The Legend of the Quatuor Coronati
QC takes its name from the Four Crowned Martyrs or ‘Quatuor Coronati’ – the traditional patron saints of stonemasons, and the building trades more generally, who were venerated in medieval times. ‘Coronati’ is translated as ‘crowned ones’, and refers to their martyrdom.
The legend of the Quatuor Coronati is interesting from the standpoint of Masonic research partly because of its inclusion in the Arundel MS, one of the earliest surviving documents that details the legendary foundation of the masons’ craft. The legend is also emblematic of Masonic research in that what at first appears straightforward becomes more complex on detailed analysis as contradictions and uncertainties are revealed.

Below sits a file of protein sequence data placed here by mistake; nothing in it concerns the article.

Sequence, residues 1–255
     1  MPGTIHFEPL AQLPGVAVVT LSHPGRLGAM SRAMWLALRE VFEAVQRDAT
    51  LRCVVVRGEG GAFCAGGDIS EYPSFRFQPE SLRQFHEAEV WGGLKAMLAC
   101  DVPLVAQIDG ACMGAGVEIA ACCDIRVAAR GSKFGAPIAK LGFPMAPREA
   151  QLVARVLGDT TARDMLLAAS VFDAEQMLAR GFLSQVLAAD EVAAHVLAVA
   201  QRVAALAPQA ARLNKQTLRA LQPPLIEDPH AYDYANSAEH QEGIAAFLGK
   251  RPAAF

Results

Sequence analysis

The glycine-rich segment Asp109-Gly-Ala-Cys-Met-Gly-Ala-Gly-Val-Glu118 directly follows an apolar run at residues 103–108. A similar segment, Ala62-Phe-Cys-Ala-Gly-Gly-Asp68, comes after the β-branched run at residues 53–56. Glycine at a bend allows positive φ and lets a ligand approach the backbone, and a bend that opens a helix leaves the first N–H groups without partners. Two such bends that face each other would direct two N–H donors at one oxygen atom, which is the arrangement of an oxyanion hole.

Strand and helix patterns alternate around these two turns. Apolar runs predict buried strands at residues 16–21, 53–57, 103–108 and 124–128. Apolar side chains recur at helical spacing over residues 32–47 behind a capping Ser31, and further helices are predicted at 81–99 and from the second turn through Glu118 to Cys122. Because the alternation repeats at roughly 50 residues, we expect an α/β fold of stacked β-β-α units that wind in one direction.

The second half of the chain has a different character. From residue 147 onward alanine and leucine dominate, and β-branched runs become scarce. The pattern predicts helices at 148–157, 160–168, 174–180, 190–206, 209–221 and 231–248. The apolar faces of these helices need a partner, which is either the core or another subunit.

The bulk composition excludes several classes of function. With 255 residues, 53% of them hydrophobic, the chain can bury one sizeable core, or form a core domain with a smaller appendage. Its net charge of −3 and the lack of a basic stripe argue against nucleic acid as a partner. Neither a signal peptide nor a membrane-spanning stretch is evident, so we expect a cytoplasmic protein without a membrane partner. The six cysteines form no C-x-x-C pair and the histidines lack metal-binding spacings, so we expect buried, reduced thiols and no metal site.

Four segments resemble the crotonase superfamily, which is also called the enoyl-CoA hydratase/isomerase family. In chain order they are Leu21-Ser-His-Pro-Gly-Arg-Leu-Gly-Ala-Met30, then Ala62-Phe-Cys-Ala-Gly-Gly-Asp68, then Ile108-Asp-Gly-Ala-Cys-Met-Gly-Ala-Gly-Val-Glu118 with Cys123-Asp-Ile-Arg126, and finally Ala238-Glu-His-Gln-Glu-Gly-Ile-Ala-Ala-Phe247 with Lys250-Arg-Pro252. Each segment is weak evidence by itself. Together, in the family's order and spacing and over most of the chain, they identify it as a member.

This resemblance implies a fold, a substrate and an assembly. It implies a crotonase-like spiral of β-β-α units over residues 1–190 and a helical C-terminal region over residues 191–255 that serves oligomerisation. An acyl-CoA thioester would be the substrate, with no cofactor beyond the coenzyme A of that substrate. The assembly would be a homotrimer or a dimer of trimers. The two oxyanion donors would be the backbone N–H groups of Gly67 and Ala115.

Told at its simplest, the story refers to four stone masons who were asked to carve the image of Æsculapius for Emperor Diocletian but refused because as Christian converts they were forbidden to produce an image of a pagan god. Diocletian consequently ordered their execution. The legend takes a variety of contradictory forms. The Arundel legend is taken from a 12th century MS in the British Museum: Ar: MSS, 91, f. 2186. Other versions include the Harleian MS, No. 2802, f 99, and the Regius MS, 8, c, 7 f 165.
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